Science History

John Mayow - Climate Science Pioneer

#2 in a series.

Sir William Ramsay wrote an excellent history of the study of our atmosphere.  Below is the part of his book concerning John Mayow.  The previous part was about Robert Boyle.  The text courtesy archive.org. is error-checked for typos.


Robert Boyle - Climate Science Pioneer

Apart from his experiments with the compression of gases, Robert Boyle deserves to be remembered for his proposals about 'unmingled bodies' (atoms), his promotion of the experimental method, his debunking of promoters of bad science, and his major contributions to our understanding of the atmosphere.

Robert Boyle lived in an age when men of learning were coming to reject what we now call pseudoscience. Alchemy was reformed into a protoscience by applying the experimental method, giving rise to what we now know as chemistry.


INPI - a treasure trove of French inventions

Do you have French ancestors?  Perhaps, somewhere in the archives, is a patent for something your ancestor invented.

INPI - Institut National de la Propriété Industrielle - France's National Institute of Industrial Property has just made a huge database of patents available for free public search.  In its own words - mostly -

INPI offers free access to a wealth of patents dating back to 1791.

Here you'll find detailed papers from the original records, from 1791 to 1871 including the corresponding images from 1791 to 1855 inclusive.

Eventually, the entire INPI heritage collection up to 1902 will be available.
The Kraken is perhaps the largest monster ever imagined by mankind. In Nordic folklore, it was said to haunt the seas from Norway through Iceland and all the way to Greenland.

The Kraken had a knack for harassing ships and many pseudoscientific reports (including official naval ones) said it would attack vessels with its strong arms. If this strategy failed, the beast would start swimming in circles around the ship, creating a fierce maelstrom to drag the vessel down.

Walk into any public square or shopping mall at this time of year and an encounter with a traditional Christmas carol is well-nigh unavoidable.

We may not sing them ourselves with anything like the frequency or fervor we once did at church but the tunes themselves defy relegation to our past.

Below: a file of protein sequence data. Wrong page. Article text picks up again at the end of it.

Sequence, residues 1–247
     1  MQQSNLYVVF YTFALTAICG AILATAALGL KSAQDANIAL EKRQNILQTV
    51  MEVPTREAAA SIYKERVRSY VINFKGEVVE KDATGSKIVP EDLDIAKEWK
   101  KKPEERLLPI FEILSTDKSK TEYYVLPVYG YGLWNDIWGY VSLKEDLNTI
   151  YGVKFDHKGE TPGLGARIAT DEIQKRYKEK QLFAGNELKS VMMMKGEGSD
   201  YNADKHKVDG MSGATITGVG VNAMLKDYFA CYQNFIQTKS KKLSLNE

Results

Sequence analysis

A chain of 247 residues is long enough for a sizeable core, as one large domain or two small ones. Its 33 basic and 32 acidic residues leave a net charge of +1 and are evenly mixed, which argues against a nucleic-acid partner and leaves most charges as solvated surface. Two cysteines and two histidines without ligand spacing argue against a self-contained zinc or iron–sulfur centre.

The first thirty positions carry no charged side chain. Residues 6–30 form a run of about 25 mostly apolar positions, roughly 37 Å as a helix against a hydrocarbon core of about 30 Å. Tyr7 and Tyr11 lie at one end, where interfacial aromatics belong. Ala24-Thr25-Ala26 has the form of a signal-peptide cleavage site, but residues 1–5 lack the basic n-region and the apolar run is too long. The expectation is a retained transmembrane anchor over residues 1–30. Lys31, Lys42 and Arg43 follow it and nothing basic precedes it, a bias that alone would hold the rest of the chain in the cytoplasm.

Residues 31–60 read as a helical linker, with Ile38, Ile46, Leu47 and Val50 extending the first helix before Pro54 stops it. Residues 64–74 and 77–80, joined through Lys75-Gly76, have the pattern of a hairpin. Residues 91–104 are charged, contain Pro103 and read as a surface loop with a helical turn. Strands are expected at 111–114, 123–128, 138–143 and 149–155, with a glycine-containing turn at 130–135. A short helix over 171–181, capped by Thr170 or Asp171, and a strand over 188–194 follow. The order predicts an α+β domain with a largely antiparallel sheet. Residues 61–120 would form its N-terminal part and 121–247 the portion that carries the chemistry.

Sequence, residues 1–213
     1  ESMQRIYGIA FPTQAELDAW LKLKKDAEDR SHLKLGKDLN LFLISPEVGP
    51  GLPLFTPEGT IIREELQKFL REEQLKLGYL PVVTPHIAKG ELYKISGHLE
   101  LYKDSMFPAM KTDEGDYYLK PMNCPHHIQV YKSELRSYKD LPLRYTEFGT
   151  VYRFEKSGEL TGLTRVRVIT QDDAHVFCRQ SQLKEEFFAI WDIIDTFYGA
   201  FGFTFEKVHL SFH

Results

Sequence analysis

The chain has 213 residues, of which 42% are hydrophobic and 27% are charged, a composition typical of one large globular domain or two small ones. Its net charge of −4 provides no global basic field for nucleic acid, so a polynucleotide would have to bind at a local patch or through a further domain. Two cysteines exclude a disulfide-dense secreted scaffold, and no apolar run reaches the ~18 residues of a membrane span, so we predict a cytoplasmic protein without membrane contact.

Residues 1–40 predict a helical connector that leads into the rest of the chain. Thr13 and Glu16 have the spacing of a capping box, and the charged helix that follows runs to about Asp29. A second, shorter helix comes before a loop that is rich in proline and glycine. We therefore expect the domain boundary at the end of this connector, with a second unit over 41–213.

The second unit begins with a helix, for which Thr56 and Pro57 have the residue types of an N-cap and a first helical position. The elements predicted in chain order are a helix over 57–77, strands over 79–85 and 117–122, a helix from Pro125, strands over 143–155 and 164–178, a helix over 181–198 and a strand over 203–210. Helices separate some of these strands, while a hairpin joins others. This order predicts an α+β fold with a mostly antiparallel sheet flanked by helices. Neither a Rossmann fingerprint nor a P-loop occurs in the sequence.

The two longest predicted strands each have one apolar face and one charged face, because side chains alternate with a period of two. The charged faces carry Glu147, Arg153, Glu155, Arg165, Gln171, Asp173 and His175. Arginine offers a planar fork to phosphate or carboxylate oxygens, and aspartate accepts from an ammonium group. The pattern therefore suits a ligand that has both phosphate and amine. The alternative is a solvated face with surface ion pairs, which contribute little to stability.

The Ancient Greeks (Archimedes being an honourable exception) have a reputation for having been only interested in pure studies, and despising practical applications (which may well have helped the Romans take over.)

Documents dating back to the 16th Century provide a unique insight into one of Darwin's landmark studies, according to new research.


August 10, 1915. The Gallipoli sun beats down on the back of a Turkish sharpshooter. He is patient and used to the discomfort.

He wipes the sweat from his eyes and peers back down the sight of his rifle, sweeping back and forth across the enemy lines.

He’s hoping to spot a target worth taking a shot at as each muzzle flash risks giving his position away.

His sight settles on the shoulder pip of a second lieutenant. The target bends down out of sight, then reappears, now with a phone at his ear.

He stands still as he sends his dispatch. It’s an easy shot for the sniper. He squeezes the trigger and yet another young man dies.

Was America at its greatest scientifically when academics made far less money and were politically representative? Not if science output, Nobel prizes and adult science literacy are the measures, because America leads in all categories.

Yet with six figure incomes for faculty and less diversity has come greater distrust. Conservatives, for example, once had the highest trust in science, and now they are near the lowest, along with progressives. The public regularly thinks that anyone who cashes a paycheck is unethical, people don't trust medicine, food or energy science on the left and the right thinks climate scientists are shills.


This article contains spoilers for Game of Thrones, Season 5, Episode 9, The Dance of Dragons.

Royal families in myths and legends are infamous for intrigue, murder and mayhem.

These very deeds are part of what make the stories epic and immortal. Indeed, the moral complexities inherent in the outrageous acts perpetrated by the characters of Homer’s Iliad and Odyssey or Aeschylus’ Agamemnon have engaged audiences for thousands of years, inspiring commentaries, debates, philosophical musings and reinterpretations.